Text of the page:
Home / Opinion / Views /  Mint Explainer: The probables who can replace Liz Truss

Britain’s political drama continues. After the dramatic sacking of former Chancellor Kwasi Kwarteng, Prime Minister Liz Truss is struggling to hold on to office. She has appointed Jeremy Hunt, an experienced former Cabinet Minister, as her new Chancellor. In just a few days, Hunt has taken an axe to Truss’s grand economic plans and has, in the eyes of many, effectively taken over the government from Truss. Mint explains the rapid developments in British politics:

What is the background to the crisis?

In late September, Chancellor Kwasi Kwarteng announced a mini-budget that roiled markets. Kwarteng and Truss announced billions in tax cuts, including the abolition of a 45% tax rate on top earners, and reversing other tax rises. At the same time, the government pledged to spend billions in order to protect households from the increase in energy prices caused by the Ukraine war and unexpected demand increases due to post-COVID economic reopening. Markets believed the budget was based on shaky economics and reacted accordingly: the pound collapsed, investors dumped British government bonds and the Bank of England was forced to intervene. Truss’s opponents accused her of incompetence and much of the British public seemed to agree. The opposition Labour Party is now the hot favourite to win the next general election.

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What has happened since?

Faced with calls to resign, Truss has unceremoniously dumped Kwasi Kwarteng as Chancellor as a desperate measure. She has been forced to turn to Jeremy Hunt, an experienced former foreign minister, who voted for Rishi Sunak in the recent leadership race. Hunt has reversed many of Truss’s decisions to cut taxes. In a violation of a major campaign promise, the government will now hike, and not cut, the rate of corporation tax. Hunt has also called for government departments to cut spending levels. In response, markets have calmed significantly. However, Truss’s signature economic plans, which were supposed to be a hallmark of her government, have been junked. Commentators have questioned how long she can hope to go on.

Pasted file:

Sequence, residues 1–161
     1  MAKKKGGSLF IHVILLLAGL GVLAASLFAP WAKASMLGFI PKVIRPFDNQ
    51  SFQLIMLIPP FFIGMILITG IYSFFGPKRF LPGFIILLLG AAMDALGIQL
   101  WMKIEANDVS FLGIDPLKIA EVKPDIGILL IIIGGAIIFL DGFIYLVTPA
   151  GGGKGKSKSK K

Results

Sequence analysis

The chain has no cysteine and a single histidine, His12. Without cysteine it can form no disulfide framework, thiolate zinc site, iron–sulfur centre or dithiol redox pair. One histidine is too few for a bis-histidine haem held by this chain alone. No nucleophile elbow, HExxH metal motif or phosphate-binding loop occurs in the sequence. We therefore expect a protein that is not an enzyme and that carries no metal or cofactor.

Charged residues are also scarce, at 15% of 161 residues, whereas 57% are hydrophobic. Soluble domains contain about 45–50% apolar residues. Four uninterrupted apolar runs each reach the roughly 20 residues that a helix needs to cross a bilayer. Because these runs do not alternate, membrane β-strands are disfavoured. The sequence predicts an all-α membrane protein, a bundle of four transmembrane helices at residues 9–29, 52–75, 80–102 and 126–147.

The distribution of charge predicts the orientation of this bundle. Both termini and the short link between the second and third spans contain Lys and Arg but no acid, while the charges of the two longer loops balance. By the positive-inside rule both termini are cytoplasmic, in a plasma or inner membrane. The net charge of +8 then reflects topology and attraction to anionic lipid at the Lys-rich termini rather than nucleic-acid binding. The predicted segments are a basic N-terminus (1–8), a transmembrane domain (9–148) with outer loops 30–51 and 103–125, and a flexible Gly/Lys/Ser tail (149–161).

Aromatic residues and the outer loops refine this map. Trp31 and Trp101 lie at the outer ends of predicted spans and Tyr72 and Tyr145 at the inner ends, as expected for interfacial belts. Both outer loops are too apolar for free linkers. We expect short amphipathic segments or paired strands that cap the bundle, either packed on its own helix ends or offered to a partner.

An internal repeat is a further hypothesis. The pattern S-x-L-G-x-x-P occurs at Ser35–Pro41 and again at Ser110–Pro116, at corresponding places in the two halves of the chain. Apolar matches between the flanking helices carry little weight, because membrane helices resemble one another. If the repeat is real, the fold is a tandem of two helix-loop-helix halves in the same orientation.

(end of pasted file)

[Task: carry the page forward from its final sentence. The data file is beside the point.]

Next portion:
Is a coup from Hunt likely?

Several MPs have called on Truss to resign and one of the Conservative Party’s longest-serving MPs called Hunt a “de facto prime minister". Many speculate that it is only a matter of time before members act to remove Truss. She currently enjoys a -61% approval rating. As per Conservative Party rules, Truss is protected from facing a challenge for the leadership for the next 12 months. Therefore, if Truss is to lose office, she must resign. This is how both Theresa May and Boris Johnson were removed from No.10 Downing Street. Pressure for this course of action is slowly building among members of the party.

Who is likely to step into her place?

While some have pointed to Hunt as the obvious choice, it helps to remember that he was a candidate in the recently concluded leadership contest. He mustered support from only 18 MPs and was eliminated in the first round of voting. While Hunt got far in the 2019 leadership race against Johnson, that was well over three years ago.

Rishi Sunak is another choice. The Conservative Party’s right wing may be chastised for now and may be persuaded to make way for a moderate candidate. However, it is equally likely that they will back another of their fold, like former defence minister Penny Mordaunt. Mordaunt had finished third in the recently concluded leadership race behind Sunak and Truss.

A significant section of the party’s membership wants Boris Johnson to return to the leadership. His popularity among sections of the British public and decisive election victory in 2019 continue to hold some sway within the party.

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